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Should You Consider a University Press for Your Next Book?

For years, university presses have focused on scholarly monographs and college textbooks. But that is changing. More universities are publishing popular non-fiction and fiction, in part because there's money in it. University presses can easily turn a profit from a press run of 10,000 to 15,000 books--figures that would cause a traditional trade press to turn up its corporate nose in disgust.

That is good news for historical writers looking for new markets.

Which of the university press should one approach?

Start with the Association of American University Presses at The website includes a resources section called For Authors & Faculty. The Finding a Publisher section includes a grid which shows which publishers are interested in fiction, biography, folklore, sociology, American history and other topics. Some publishers prefer fiction that targets their region. They are less picky when it comes to nonfiction.

The worst thing you can do is send out a blind query letter--a sure path to rejection.  Instead, try to develop a relationship with an editor who buys books in your field.  For fiction or less scholarly fields such as folklore, consult the press’s website. Look for editors interested in your topic and send them a query letter and a proposal.  

For faculty, the process is easier.  Most university presses send acquiring editors to conferences sponsored by the American Historical Association, the Organization of American Historians, the History Society and regional groups such as the Western History Association or the Southern History Association.  University presses often display their latest books at booths at the different conferences, and conference goers can pitch a book idea to an editor on the spot. This is of immense value to an author, and may culminate in the editor asking the author to send him a proposal.  Be sure and mention your earlier conference meeting in the subsequent query letter.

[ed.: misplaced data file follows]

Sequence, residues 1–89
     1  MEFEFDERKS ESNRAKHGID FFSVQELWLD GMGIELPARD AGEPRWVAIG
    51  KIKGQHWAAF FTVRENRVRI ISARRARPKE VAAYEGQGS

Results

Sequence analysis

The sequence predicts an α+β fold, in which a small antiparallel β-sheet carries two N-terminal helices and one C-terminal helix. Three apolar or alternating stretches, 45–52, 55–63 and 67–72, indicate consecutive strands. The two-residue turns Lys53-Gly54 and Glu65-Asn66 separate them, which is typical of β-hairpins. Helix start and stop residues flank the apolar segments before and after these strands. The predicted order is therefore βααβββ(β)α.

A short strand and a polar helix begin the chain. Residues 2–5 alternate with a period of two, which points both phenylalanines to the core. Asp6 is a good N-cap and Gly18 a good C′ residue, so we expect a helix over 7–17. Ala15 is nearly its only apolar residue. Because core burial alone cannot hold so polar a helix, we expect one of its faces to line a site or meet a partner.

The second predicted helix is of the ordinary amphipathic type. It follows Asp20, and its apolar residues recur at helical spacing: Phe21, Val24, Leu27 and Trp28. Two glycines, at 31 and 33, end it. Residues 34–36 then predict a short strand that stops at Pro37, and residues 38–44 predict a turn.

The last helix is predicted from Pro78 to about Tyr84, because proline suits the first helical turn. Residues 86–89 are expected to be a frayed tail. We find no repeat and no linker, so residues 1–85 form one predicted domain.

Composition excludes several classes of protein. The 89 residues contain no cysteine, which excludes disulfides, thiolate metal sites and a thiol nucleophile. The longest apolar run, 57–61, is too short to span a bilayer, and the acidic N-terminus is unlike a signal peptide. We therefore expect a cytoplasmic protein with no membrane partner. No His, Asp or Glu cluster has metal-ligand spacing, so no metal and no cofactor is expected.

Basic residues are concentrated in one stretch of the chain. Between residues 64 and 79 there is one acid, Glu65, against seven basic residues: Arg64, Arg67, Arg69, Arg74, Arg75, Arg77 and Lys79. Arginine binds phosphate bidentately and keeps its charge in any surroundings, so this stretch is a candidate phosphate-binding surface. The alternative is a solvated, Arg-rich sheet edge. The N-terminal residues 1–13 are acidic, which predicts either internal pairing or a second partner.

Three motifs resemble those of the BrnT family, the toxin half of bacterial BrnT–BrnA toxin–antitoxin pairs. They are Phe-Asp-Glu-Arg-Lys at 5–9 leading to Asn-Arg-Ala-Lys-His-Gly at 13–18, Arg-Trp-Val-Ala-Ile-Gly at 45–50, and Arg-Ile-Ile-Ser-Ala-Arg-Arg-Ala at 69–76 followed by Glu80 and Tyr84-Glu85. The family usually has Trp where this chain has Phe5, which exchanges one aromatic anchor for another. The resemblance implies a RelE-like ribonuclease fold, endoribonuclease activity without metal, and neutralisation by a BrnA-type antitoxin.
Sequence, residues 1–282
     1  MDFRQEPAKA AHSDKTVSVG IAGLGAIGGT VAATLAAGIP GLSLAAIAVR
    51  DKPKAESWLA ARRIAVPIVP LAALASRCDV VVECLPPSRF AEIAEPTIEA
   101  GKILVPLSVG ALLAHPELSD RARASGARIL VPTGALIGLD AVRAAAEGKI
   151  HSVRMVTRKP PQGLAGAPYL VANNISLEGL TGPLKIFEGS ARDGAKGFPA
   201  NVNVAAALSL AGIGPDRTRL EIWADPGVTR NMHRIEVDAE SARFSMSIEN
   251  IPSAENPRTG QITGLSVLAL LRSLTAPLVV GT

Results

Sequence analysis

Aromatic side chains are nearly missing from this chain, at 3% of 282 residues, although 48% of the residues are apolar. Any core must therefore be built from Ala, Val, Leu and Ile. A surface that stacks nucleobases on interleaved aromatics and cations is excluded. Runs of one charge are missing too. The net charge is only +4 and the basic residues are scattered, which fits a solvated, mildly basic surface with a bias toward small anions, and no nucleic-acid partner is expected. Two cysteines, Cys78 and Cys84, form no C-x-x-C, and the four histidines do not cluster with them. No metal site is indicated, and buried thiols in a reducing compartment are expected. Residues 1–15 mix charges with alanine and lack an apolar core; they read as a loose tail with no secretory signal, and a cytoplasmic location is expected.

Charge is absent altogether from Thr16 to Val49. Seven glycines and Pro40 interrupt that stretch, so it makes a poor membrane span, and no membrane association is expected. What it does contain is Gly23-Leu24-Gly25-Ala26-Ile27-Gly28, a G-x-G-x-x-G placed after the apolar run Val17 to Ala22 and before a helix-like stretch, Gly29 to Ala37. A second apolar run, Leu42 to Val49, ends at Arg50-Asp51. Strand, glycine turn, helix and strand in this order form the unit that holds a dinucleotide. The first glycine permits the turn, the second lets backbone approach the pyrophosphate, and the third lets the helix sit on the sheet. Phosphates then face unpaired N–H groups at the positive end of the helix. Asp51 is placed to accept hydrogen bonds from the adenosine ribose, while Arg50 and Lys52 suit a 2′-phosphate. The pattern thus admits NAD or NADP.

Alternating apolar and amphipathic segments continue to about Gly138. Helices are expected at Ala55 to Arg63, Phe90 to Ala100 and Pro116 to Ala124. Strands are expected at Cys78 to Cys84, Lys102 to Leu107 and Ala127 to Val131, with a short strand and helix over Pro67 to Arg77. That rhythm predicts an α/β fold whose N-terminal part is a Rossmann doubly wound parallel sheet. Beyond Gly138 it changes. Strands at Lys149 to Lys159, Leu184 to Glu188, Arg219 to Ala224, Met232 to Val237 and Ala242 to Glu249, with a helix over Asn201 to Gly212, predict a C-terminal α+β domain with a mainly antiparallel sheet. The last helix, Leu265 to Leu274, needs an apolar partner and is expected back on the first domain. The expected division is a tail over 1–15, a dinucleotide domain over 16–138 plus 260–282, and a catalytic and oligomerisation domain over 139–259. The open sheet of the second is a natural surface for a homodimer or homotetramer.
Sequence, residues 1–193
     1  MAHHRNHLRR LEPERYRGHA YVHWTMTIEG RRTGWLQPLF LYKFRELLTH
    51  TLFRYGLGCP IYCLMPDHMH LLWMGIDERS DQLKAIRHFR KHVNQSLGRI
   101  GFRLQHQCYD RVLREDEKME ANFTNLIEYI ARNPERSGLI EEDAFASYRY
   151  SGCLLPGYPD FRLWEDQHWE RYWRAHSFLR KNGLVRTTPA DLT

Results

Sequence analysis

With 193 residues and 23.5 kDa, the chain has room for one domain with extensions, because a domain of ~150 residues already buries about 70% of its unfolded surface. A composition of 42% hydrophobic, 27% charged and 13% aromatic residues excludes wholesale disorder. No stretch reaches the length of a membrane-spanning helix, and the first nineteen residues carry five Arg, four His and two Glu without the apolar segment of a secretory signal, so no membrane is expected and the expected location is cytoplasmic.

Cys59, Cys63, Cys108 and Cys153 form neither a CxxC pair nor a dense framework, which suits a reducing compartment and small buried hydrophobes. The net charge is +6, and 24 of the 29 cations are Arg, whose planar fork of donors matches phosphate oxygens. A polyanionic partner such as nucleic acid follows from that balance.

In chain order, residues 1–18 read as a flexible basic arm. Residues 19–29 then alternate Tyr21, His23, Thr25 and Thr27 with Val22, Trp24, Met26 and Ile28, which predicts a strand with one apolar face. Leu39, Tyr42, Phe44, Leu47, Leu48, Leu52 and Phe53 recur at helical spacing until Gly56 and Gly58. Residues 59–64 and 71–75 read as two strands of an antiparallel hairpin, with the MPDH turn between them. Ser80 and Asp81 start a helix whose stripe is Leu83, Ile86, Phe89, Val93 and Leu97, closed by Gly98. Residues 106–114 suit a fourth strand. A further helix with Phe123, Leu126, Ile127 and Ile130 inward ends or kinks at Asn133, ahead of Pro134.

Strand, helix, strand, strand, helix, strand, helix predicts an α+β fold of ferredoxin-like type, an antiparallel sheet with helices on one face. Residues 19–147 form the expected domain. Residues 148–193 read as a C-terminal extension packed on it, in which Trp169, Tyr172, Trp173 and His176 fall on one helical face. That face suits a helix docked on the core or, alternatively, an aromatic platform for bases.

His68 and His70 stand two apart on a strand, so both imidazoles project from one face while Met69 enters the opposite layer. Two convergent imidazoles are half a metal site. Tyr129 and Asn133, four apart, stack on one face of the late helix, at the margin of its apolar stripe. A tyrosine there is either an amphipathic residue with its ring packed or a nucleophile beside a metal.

Four Speakers Look at Writing, History and Dragons

Author Parris Afton Bonds helped launch the Romance Writers of America group in 1980. But there was nothing glamorous about her early career. She borrowed money and spent $800 in phone calls promoting her work. She wrote newspaper, magazine and TV journalists in seven states, assuring them she “was a great interview.”

The beginning writer—and mother of five boys—had some down days. If you're passionate about your work, “you will be trampled on,” she told attendees at the Historical Writers of America's second annual conference in New Mexico.
But you can get through it with a big dose of passion, persistence, and Pepto-Bismol, said Bonds, the Texas-based author of 45 historical and romance novels. Writers must share the same traits as the heroes they write about, she said. They must cultivate an indomitable spirit.

“Close your mind to discouragement,” she said. “Don't let those bastards get you down.”

Bonds, who spoke at the Hyatt Regency Tamaya Resort near Albuquerque, was one of four keynote speakers at the Sept. 21-24 conference, which included all-day master classes in writing, a chuckwagon dinner, agent pitches and more than 30 writing and history classes.

Massachusetts author Jodi Daynard talked about her early struggles as a writer. The former Harvard writing teacher shelved three novels before she wrote The Midwife's Revolt, a book about murder, midwifery and the American Revolution. “My agent read a rough first draft and fired me,” she said. Another agent said, “There’s no market for American historical fiction.”



HWA 3rd Annual Conference
Providence, RI June 7 -10 2018 - Save the date!


 Speaker Series Interviews

Jodi Daynard
Parris Afton Bonds

Historical Genre

Fiction? Nonfiction? Both? HWA is the place for you! Our focus is on the historical writer - in all genres. Check out our Membership Benefits. As a member you  can join our blog and forums for information and discussion on everything on historical writing. No matter your interest -from writing for magazines to historical paranormal. If your setting (or your time-travel!) is at least 50 years in the past, it's considered historical.

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